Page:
You go to see a concert for a certain artist because you have an expectation of what it will be like to hear and see them perform. There’s an established connection.
In the 5+ years working with Red Frog Events, one of the fastest growing event companies in the country, I had the opportunity to learn how to design, develop and market an experience in the event industry. Creating that initial connection that draws customers in whether it was for a Warrior Dash event or for Firefly Music Festival.
The marketing and design aspect is meant to engage potential customers in seconds and tell the story of the event visually. What type of event is it? Why is it better than others? Why do you need to be there?
Telling the Story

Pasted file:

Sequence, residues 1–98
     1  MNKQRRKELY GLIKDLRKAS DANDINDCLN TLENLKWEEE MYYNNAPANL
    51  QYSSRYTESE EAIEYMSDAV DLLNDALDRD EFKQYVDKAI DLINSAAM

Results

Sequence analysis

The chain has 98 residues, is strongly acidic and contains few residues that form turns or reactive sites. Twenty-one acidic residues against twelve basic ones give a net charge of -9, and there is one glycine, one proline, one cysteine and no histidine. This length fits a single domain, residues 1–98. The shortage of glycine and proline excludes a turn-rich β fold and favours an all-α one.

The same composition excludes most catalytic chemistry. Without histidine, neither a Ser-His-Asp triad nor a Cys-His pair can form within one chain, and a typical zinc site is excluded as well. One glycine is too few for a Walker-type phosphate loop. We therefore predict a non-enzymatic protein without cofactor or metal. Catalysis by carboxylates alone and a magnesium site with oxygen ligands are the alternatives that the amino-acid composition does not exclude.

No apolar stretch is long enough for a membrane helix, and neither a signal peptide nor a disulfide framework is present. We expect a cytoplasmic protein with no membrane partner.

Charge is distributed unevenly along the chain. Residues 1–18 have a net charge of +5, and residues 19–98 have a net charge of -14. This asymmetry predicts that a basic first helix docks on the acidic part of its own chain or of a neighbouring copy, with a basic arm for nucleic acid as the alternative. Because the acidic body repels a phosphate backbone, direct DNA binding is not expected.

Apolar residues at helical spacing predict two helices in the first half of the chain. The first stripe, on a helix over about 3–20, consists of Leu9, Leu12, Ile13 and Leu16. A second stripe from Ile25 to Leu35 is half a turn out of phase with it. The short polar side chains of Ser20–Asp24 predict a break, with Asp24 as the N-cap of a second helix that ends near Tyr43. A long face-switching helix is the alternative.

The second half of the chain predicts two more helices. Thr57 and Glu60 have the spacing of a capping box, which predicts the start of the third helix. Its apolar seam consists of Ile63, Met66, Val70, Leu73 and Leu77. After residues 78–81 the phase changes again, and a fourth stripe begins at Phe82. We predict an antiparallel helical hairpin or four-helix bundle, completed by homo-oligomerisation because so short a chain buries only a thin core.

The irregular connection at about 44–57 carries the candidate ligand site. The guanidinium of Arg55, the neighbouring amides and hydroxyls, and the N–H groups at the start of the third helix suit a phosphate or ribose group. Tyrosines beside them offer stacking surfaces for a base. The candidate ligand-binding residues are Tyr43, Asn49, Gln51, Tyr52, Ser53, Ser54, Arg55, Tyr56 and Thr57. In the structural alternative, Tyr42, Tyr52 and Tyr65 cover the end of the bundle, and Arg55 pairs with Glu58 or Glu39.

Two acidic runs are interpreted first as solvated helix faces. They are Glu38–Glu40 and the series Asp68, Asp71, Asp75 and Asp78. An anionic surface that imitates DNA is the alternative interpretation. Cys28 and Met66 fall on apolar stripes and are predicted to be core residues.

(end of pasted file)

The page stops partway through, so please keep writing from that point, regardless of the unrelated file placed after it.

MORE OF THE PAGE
As with any form of marketing it’s a great practice to keep messaging and visual elements simple. Draw users in instead of overwhelm with what they should do. Creating a personality around your brand through posts that engage and entice your audience to feel as if they’re a part of your brand’s community.
An example of telling the story with visuals for an event is the 90’s Bar Crawl and 80’s Bar Crawl. These two brands have a similar style but the theme is easily communicated through simple and engaging design.
For the event marketing of Redline Run we designed a “style” through our social media messaging that included visuals in almost every post. We found that website traffic increased on average of 48% each day a post or set of posts were published. The social marketing really connected with the motorsports audience over time and was the number one method of drawing traffic for the event’s registrations.
From music festivals and mud runs to motorsports and bar crawl events, I’ve enjoyed finding ways to visually develop an event’s brand through unique and compelling design. It’s telling the story of the experience and building anticipation. What’s your experience?